When you configure your interfaces, you can specify an active IP
address and a standby IP address on the same network. Although recommended, the
standby address is not required. Without a standby IP address, the active unit
cannot perform network tests to check the standby interface health; it can only
track the link state. You also cannot connect to the standby unit on that
interface for management purposes.
When the primary unit fails over, the secondary unit assumes
the IP addresses and MAC addresses of the primary unit and begins passing
The unit that is now in standby state takes over the standby
IP addresses and MAC addresses.
Because network devices see no change in the MAC to IP address
pairing, no ARP entries change or time out anywhere on the network.
If the secondary unit boots without detecting the primary unit,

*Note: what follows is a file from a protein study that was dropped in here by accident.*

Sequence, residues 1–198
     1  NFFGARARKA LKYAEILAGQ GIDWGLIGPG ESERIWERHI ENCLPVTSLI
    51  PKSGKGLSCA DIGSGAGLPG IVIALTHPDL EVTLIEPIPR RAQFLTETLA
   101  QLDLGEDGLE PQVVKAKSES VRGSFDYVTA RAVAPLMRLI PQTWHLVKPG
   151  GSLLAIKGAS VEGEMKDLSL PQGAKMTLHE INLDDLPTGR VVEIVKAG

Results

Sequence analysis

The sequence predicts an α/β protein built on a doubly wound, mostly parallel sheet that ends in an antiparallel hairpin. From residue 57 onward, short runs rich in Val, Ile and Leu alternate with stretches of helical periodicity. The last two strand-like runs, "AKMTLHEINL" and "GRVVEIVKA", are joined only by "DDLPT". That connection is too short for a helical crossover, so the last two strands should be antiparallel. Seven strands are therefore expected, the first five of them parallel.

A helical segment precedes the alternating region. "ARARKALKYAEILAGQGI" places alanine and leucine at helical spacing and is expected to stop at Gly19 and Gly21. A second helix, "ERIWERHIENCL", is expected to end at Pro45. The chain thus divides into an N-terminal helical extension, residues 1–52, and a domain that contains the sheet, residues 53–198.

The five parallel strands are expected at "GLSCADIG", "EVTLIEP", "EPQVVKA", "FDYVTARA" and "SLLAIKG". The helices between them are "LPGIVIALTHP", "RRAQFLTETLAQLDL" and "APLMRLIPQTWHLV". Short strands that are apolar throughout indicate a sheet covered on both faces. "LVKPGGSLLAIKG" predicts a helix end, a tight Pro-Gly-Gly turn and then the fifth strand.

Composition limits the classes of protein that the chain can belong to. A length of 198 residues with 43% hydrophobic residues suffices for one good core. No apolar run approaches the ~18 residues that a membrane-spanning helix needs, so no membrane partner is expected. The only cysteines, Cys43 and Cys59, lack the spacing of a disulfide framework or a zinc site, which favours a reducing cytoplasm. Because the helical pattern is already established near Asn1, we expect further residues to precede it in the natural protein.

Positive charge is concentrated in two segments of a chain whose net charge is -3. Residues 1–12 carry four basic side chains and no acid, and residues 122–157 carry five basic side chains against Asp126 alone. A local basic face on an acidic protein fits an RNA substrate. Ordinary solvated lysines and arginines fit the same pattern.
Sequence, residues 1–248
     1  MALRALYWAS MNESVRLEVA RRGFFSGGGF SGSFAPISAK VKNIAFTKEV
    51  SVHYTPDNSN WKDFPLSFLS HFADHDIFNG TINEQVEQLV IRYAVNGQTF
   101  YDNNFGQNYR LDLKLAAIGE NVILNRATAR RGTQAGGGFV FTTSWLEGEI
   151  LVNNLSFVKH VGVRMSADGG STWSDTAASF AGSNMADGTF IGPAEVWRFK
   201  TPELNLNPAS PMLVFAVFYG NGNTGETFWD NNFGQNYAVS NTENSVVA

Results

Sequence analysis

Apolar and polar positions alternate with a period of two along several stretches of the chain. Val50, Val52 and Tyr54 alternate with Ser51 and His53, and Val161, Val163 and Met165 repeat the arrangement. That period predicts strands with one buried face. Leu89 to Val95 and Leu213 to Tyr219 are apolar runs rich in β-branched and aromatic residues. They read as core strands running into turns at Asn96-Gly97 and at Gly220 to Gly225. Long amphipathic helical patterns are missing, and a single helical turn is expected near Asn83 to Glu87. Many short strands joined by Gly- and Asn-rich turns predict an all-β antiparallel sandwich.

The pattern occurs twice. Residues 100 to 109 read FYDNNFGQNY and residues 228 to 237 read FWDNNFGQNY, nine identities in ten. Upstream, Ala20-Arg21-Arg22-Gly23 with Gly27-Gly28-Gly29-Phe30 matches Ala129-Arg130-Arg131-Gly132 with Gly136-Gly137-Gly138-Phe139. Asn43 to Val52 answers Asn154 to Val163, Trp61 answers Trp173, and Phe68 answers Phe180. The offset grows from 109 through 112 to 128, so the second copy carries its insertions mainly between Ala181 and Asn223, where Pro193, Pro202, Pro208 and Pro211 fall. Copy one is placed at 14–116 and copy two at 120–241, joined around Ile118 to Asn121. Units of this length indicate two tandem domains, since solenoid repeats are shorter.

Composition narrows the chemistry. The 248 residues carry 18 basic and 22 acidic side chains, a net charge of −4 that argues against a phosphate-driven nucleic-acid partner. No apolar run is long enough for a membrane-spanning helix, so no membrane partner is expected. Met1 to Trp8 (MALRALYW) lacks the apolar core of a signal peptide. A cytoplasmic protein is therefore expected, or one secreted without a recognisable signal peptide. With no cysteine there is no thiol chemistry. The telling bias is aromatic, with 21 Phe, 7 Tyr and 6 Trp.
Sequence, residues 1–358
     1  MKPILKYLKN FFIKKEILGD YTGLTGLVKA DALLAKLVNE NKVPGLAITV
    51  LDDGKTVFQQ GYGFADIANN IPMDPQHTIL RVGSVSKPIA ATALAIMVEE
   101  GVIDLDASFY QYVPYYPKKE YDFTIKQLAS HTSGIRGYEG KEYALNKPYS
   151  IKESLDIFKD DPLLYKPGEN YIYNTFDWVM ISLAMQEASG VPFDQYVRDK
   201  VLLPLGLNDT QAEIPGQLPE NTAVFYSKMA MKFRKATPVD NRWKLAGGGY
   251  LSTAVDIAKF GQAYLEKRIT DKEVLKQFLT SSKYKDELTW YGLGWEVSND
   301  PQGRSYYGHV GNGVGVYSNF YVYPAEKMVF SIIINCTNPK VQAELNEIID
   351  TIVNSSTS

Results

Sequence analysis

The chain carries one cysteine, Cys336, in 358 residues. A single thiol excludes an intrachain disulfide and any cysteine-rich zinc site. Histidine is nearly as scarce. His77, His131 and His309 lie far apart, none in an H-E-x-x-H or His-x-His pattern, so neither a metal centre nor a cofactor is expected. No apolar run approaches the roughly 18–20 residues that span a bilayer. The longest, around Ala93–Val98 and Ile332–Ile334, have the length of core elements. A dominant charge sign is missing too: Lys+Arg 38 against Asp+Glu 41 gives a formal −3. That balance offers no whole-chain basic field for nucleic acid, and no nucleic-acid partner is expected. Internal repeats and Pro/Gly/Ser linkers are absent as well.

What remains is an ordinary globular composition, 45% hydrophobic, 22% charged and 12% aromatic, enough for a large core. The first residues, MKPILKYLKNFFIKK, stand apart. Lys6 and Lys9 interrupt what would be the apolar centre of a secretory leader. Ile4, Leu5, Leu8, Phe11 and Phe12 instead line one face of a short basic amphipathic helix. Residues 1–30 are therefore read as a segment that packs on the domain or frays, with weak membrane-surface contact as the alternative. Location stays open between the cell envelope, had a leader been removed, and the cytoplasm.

the secondary unit becomes the active unit and uses its own MAC addresses,
because it does not know the primary unit MAC addresses. However, when the
primary unit becomes available, the secondary (active) unit changes the MAC
addresses to those of the primary unit, which can cause an interruption in your
network traffic. Similarly, if you swap out the primary unit with new hardware,
a new MAC address is used.
MAC addresses guard against this disruption because the active MAC addresses
are known to the secondary unit at startup, and remain the same in the case of
new primary unit hardware.
You can manually configure virtual MAC addresses.
If you do not configure virtual MAC addresses, you might need to
clear the ARP tables on connected routers to restore traffic flow. The
Firepower Threat Defense
device does not send gratuitous ARPs for static NAT
addresses when the MAC address changes, so connected routers do not learn of
the MAC address change for these addresses.
The IP address and MAC address for the state link do not change
at failover; the only exception is if the state link is configured on a regular